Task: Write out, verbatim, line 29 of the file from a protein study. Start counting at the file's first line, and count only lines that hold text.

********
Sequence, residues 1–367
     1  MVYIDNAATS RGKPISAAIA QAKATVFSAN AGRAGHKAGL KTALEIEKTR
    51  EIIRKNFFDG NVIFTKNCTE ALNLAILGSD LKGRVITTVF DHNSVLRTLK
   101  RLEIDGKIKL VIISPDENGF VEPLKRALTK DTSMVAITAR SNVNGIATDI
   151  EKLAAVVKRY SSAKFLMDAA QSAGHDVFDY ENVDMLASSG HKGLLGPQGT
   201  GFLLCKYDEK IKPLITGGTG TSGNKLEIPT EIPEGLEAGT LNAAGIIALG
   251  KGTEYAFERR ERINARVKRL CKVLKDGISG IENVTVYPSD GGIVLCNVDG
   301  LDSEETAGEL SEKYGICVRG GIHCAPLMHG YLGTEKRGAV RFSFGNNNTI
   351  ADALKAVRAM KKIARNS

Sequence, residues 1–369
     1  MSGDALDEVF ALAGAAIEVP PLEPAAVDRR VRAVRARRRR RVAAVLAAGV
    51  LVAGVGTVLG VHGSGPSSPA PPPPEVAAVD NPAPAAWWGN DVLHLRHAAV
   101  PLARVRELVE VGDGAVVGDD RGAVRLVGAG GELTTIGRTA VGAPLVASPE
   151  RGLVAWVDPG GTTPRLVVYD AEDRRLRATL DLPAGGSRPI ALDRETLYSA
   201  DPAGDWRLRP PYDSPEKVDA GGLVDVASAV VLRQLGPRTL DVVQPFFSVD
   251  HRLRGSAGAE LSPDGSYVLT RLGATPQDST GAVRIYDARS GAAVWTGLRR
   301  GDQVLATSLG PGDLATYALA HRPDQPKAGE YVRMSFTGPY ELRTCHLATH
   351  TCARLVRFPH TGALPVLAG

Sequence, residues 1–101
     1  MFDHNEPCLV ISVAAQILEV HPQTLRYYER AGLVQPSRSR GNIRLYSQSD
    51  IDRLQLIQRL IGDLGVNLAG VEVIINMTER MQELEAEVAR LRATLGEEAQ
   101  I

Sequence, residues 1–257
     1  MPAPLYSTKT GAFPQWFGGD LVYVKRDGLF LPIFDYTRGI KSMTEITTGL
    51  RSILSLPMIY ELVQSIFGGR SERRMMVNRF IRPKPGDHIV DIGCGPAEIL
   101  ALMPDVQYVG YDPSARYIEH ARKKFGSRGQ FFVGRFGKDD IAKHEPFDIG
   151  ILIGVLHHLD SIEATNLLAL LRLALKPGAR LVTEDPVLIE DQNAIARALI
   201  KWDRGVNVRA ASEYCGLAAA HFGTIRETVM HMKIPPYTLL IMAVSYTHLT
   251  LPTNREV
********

   251  LPTNREV